Kurt Schorkís signature dispatch from siege of Sarajevo

By Kurt Schork

SARAJEVO, May 23, 1993 - Two lovers lie dead on the banks of Sarajevoís Miljacka river, locked in a final embrace.

For four days they have sprawled near Vrbana bridge in a wasteland of shell-blasted rubble, downed tree branches and dangling power lines.

So dangerous is the area no one has dared recover their bodies.

Bosko Brckic and Admira Ismic, both 25, were shot dead on Wednesday trying to escape the besieged Bosnian capital for Serbia.

Sweethearts since high school, he was a Serb and she was a Moslem.

"They were shot at the same time, but he fell instantly and she was still alive," recounts Dino, a soldier who saw the couple trying to cross from government territory to rebel Serb positions.

"She crawled over and hugged him and they died like that, in each otherís arms."

Squinting through a hole in the sandbagged wall of a bombed-out building, Dino points to where the couple lie mouldering amid the debris of Bosniaís 14-month civil war.

Bosko is face-down on the pavement, right arm bent awkwardly behind him. Admira lies next to her lover, left arm across his back.

Another corpse, that of a man shot five months ago, lies nearby. The dead manís body is so wasted his clothes seem hollow.

The government side says Serb soldiers shot the couple, but Serb forces insist Bosnian Moslem-led government troops were responsible.

"I donít care who killed them, I just want their bodies so I can bury them," says Zijah Ismic, the dead girlís father. "I donít want them to rot in no-manís land."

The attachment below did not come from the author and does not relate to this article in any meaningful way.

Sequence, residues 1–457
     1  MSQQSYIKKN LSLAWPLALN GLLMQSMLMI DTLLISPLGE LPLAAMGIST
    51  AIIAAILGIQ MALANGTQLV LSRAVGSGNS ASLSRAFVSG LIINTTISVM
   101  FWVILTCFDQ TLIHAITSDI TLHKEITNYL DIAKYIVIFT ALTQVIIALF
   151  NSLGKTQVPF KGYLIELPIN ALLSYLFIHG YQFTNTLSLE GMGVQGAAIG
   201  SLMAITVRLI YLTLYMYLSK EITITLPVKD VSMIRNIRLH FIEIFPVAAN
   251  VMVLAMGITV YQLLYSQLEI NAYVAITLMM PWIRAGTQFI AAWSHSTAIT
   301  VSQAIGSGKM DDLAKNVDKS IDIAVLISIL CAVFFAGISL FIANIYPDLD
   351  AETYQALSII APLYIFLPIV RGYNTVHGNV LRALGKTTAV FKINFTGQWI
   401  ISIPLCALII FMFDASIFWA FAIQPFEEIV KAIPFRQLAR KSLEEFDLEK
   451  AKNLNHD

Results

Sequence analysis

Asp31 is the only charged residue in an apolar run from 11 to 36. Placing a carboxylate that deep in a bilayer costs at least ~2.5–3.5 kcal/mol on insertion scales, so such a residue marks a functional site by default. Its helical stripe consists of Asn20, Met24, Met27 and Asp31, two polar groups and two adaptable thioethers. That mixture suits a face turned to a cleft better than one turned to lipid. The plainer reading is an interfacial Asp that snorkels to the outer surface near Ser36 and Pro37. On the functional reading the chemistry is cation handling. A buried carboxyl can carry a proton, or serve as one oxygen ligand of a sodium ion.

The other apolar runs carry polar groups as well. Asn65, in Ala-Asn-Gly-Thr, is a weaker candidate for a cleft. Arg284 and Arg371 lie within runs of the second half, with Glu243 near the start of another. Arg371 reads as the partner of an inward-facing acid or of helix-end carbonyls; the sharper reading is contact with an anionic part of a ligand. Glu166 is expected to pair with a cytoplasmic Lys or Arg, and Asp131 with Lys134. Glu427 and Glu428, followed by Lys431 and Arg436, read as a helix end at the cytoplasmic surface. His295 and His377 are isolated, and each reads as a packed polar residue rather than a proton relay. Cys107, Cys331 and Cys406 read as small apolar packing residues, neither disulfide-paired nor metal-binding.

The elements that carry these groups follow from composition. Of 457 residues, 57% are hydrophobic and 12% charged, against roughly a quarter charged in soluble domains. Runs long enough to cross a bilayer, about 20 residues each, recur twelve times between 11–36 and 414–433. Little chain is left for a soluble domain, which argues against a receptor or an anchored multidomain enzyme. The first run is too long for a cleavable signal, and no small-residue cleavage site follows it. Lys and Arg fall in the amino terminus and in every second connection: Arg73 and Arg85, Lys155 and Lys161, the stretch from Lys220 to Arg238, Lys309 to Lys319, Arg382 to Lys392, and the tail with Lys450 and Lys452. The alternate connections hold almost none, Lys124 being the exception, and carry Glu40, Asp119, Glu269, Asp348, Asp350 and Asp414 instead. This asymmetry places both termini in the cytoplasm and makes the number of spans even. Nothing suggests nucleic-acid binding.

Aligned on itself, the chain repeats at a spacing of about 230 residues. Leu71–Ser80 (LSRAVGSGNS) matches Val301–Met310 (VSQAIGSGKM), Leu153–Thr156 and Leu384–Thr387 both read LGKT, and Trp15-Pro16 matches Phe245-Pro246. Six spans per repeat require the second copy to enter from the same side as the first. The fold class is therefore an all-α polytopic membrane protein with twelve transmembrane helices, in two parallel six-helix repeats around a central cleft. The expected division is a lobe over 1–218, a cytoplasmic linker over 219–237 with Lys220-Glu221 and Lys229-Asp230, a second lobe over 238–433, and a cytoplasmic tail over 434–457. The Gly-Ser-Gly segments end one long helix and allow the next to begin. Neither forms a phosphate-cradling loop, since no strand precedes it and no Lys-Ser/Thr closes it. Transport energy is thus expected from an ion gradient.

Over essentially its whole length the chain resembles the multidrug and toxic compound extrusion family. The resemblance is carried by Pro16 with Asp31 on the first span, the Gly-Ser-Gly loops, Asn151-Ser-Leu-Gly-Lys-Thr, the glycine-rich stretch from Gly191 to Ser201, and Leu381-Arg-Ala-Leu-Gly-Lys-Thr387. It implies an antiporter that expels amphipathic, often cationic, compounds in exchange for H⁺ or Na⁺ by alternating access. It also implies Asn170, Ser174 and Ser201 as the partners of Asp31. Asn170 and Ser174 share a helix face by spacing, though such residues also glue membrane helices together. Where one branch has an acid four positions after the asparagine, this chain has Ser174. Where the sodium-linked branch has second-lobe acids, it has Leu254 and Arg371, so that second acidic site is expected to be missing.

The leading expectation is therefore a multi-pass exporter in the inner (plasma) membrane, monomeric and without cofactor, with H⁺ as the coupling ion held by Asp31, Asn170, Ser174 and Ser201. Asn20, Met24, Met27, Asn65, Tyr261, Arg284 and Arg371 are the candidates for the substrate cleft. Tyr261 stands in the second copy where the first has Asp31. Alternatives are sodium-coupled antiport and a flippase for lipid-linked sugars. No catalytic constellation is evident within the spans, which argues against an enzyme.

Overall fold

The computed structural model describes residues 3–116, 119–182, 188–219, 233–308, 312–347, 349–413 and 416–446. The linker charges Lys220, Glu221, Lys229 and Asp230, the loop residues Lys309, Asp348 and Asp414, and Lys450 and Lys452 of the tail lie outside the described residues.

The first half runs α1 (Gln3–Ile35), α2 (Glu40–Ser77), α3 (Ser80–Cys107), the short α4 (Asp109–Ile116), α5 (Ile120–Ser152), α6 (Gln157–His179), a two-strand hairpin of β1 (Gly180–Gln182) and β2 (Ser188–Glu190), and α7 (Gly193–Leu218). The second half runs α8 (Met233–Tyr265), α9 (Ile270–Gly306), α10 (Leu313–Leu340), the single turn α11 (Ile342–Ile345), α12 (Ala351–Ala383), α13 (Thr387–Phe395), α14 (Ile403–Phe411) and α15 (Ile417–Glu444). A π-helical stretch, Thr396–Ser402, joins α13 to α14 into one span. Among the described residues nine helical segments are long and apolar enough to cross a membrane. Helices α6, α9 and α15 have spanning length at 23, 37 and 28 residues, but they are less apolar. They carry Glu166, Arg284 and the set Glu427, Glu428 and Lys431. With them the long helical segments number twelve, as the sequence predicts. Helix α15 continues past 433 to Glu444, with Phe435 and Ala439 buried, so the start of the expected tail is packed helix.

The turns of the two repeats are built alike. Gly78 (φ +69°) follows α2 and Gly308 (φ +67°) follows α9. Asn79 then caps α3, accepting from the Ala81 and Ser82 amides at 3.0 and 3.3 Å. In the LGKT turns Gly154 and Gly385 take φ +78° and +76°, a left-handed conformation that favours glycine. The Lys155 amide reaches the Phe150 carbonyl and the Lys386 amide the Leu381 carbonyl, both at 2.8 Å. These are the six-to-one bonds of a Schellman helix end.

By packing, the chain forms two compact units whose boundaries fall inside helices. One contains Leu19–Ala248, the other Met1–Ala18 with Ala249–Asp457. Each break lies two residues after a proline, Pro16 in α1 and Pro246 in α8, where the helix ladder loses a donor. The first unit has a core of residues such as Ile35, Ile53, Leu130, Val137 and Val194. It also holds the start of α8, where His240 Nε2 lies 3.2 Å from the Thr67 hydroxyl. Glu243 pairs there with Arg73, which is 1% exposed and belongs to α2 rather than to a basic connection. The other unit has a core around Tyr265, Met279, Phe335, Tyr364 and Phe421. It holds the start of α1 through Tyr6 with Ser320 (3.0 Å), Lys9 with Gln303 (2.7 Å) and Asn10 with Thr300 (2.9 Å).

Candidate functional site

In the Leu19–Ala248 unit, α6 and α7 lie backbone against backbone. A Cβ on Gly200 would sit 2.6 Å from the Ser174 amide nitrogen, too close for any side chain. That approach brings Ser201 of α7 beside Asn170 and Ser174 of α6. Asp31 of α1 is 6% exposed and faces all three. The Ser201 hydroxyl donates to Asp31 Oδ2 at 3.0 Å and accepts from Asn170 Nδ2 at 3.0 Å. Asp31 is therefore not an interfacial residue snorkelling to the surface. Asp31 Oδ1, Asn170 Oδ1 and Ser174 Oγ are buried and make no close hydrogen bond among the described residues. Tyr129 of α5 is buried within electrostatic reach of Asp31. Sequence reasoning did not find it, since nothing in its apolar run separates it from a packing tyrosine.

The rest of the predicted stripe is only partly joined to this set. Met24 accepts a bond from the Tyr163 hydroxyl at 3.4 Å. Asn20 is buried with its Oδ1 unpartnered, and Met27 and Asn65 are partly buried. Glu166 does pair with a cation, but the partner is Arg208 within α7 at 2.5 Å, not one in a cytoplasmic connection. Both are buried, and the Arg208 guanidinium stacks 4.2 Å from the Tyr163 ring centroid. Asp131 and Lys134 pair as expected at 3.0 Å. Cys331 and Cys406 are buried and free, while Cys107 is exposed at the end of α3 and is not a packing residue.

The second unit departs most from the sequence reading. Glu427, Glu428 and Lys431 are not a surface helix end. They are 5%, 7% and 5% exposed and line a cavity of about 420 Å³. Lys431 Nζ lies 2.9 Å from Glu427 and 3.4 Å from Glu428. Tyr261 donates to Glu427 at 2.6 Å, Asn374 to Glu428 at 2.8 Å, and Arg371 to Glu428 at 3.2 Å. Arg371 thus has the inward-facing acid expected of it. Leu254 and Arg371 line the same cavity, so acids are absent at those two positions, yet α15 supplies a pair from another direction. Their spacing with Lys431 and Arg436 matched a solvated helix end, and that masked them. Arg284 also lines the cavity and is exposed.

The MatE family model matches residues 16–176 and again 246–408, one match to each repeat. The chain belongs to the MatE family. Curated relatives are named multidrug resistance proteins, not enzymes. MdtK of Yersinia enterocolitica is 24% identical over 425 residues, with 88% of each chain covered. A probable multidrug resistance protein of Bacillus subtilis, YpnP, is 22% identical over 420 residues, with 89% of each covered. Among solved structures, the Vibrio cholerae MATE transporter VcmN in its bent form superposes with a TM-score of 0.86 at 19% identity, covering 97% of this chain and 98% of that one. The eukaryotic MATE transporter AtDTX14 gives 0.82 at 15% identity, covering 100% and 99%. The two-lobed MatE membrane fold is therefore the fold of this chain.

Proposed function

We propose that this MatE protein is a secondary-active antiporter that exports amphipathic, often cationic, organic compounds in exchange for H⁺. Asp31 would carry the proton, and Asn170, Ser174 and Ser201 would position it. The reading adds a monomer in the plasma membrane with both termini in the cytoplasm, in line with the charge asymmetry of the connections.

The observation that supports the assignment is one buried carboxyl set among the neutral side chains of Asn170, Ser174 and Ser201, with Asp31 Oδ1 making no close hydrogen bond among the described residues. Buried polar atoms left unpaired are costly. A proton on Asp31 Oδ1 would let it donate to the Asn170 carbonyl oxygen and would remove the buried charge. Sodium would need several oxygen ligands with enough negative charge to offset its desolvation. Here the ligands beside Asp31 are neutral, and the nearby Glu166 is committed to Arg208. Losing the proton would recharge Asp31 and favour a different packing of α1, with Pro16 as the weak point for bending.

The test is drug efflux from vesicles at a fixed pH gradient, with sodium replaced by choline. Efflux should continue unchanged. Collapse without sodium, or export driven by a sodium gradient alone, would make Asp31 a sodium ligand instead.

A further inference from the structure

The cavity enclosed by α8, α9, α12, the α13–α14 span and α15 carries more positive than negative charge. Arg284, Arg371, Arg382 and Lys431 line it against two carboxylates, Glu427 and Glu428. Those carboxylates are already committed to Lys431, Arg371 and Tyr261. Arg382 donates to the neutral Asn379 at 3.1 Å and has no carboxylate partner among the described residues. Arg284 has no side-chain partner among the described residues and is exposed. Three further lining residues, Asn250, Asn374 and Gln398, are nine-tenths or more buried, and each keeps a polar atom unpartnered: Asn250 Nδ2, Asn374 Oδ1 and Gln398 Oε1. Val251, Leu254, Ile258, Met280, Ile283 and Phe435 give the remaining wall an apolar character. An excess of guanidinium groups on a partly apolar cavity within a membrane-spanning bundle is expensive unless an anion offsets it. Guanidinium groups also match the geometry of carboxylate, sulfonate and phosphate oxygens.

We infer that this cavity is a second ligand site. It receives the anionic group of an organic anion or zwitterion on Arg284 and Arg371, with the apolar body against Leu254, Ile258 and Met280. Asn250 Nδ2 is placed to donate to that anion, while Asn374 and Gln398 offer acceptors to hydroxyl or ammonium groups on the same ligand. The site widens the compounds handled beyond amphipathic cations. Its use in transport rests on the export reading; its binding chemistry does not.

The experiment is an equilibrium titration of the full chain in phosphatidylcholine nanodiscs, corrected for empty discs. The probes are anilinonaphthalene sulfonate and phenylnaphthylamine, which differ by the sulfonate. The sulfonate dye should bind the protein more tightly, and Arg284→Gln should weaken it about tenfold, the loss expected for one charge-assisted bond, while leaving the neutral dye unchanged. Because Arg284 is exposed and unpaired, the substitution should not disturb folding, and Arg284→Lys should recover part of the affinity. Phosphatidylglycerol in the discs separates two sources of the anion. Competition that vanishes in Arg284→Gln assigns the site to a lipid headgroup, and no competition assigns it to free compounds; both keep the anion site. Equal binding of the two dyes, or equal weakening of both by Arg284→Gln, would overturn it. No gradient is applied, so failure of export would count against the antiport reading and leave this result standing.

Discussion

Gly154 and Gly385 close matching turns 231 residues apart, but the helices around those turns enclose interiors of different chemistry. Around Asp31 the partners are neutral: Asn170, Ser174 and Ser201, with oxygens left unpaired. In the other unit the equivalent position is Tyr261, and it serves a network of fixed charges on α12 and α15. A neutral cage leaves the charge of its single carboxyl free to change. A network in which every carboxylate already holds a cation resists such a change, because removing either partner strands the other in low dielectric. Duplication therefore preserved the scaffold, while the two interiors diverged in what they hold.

Government and Serb authorities have discussed the matter, but so far are refusing a cease-fire around Vrbana bridge to permit recovery of the couple.

The United Nations Protection Force (UNPROFOR), charged with providing humanitarian assistance in Sarajevo, maintains the bodies are a local issue.

"Iím an auto mechanic and I know a lot of people in this city," says the girlís father. "Everyone is washing their hands in this case, Bosnians and Serbs alike."

In a country mad for war, Bosko and Admira were crazy for each other.

The university chemistry students dated for seven years before moving in to live together nine months ago.

With his father dead, no one would have blamed Bosko had he left Sarajevo when his mother and brother fled before war broke out last year.

Instead, he stayed in the city.

"He had no one here, just Admira," explains the dead girlís mother.

"Bosko stayed in Sarajevo because of her. Admira wanted to repay him by travelling with him to Serbia."

Mystery, and perhaps treachery, surrounds the coupleís death. Government and Serb officials admit they agreed to let them pass through the lines last Wednesday afternoon at 4.00 pm. Bosko and Admira walked at least 500 meters along the north bank of the Miljacka river, fully exposed to soldiers on both sides.

As they passed Bosnian lines and headed for the Serb-held neighbourhood of Grbavica, someone shot them.

The young couple had been dead two days before Admiraís parents found out. Ham radio operators in Serbia contacted them trying to confirm rumours of Boskoís death.

"I spoke to his mother then and she gave me permission to bury them together in Sarajevo," says Admiraís father.

"We want them to lie together in the ground, just as they died together," he adds.

Frantic to retrieve the bodies, Admiraís parents are bewildered by unresponsive Bosnian and Serb bureaucracies, and by UNPROFORís hands-off policy.

Zijah Ismic claims he begged UNPROFOR to let him drive one of its armoured pesonnel carriers in to get his daughter.

He says the U.N. told him armour-piercing rounds from machine-guns and cannon around Vrbana bridge would go through the vehicle.

"Love took them to their deaths," Ismic says of Bosko and Admira.

"Thatís proof this is not a war between Serbs and Moslems. Itís a war between crazy people, between monsters. Thatís why their bodies are still out there."

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